Oct 18, 2023 - Economy & Business

Book ban attempts hit beloved Scholastic fairs

Illustration of a hand reaching for a row of books that are falling like dominoes.

Illustration: Lindsey Bailey/Axios

The company behind the beloved Scholastic Book Fair is facing push back after making changes to its offerings in response to increasing book ban attempts across the U.S.

Driving the news: Scholastic, an educational company that publishes and distributes books for children and young adults, created a separate collection for its more diverse titles, allowing schools to opt in or out, or limit, their inclusion in elementary school fairs.

  • The move came in response to enacted or pending legislation in more than 30 states that prohibit certain books from being in schools – "mostly LGBTQIA+ titles and books that engage with the presence of racism in our country," Scholastic said in a statement explaining the decision.
  • Because the book fairs take place in schools, "these laws create an almost impossible dilemma: back away from these titles or risk making teachers, librarians, and volunteers vulnerable to being fired, sued, or prosecuted," the company said.

The big picture: Attempts to ban books reached record levels last year, with a vast majority of the targeted works written by or about a person of color or a member of the LGBTQ community.

  • Conservatives have taken to book bans as a rallying call in a culture war over what children should be exposed to.
  • There were more than 1,250 book challenges at school and public libraries across the U.S. last year, hitting an unparalleled 20-year record.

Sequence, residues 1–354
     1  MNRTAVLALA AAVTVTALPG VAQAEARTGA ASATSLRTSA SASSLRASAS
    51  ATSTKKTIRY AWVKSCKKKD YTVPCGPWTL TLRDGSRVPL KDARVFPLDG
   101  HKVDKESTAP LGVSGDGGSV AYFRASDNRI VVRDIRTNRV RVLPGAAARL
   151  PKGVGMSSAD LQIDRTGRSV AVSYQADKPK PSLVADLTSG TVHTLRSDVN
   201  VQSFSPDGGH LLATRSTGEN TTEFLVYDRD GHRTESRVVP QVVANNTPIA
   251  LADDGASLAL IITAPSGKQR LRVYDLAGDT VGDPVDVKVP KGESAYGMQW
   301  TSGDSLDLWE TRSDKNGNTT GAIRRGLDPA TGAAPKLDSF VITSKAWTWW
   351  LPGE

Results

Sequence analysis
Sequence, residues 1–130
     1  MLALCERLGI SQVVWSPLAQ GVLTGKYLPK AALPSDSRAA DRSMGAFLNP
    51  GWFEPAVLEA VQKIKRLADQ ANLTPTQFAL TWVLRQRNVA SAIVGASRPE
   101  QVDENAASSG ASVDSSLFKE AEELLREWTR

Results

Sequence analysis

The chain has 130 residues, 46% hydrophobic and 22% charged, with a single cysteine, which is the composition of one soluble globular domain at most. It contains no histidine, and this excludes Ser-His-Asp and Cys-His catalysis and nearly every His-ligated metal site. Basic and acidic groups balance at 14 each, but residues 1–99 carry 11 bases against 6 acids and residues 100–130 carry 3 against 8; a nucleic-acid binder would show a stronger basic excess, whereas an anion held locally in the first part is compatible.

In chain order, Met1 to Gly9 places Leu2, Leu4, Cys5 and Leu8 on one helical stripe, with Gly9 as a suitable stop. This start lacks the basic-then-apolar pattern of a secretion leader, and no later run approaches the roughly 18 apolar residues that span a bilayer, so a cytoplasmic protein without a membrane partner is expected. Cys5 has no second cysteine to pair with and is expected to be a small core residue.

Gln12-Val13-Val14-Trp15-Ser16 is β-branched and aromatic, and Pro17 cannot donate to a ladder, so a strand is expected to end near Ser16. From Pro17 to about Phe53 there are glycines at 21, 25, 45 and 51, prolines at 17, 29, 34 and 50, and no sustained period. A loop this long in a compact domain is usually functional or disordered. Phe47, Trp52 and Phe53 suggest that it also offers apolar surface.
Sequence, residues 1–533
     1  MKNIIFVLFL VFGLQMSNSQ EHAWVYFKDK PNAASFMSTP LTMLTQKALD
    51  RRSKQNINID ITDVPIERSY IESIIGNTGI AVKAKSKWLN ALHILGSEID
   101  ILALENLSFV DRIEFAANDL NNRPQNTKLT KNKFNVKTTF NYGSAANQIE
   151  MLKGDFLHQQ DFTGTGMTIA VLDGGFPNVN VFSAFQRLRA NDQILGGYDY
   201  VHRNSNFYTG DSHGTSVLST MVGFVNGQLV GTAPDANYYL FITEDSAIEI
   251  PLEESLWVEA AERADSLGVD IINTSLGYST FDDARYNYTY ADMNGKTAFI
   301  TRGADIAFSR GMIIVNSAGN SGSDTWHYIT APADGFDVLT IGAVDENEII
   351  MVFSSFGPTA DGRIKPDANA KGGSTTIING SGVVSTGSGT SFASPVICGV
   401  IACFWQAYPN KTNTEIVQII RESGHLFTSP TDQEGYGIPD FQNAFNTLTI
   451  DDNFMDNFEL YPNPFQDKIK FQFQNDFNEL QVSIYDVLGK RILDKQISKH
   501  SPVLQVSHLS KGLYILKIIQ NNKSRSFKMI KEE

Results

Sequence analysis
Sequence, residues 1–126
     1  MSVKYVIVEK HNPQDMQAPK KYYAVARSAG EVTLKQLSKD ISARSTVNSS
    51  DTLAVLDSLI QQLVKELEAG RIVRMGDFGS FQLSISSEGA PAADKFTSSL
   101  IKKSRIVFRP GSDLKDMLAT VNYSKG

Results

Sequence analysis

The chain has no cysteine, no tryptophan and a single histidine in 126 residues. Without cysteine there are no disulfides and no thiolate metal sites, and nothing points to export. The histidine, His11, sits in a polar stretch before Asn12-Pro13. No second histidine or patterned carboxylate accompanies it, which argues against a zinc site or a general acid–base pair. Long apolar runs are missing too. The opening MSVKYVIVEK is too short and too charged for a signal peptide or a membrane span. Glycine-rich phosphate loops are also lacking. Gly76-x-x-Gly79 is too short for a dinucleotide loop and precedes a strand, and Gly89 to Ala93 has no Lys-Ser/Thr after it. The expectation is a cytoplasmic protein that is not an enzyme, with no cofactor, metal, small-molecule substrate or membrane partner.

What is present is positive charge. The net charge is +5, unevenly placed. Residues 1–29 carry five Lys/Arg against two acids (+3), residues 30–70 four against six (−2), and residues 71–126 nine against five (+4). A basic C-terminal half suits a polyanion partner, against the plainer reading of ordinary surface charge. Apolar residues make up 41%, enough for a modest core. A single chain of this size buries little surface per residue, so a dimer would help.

What they're saying: Literary nonprofit PEN America said in a statement that Scholastic's dilemma reflects an issue facing booksellers, teachers and librarians across the country, "who are being forced to play defense in a war against books."

  • "They reflect a climate in which vaguely-worded legislation is putting unique pressure on K-12 schools," the nonprofit added.
  • Still, PEN called on Scholastic, which it described as a valued partner, "to explore other solutions so they can reject any role in accommodating these nefarious laws and local pressures, or being an accessory to government censorship."

Zoom in: The "Share Every Story, Celebrate Every Voice" collection includes about 30 books, most of which address issues of race, gender and sexuality, per NPR.

  • They include The ABCs of Black History, biographies of late civil rights leader Rep. John Lewis and Supreme Court Justice Ketanji Brown Jackson, and books by poet Amanda Gorman, former NFL player-turned-activist Colin Kaepernick, and dancer and LGBTQ icon Jojo Siwa, NPR reports.
  • Scholastic did not immediately respond to Axios' request for the list of book titles in the collection.

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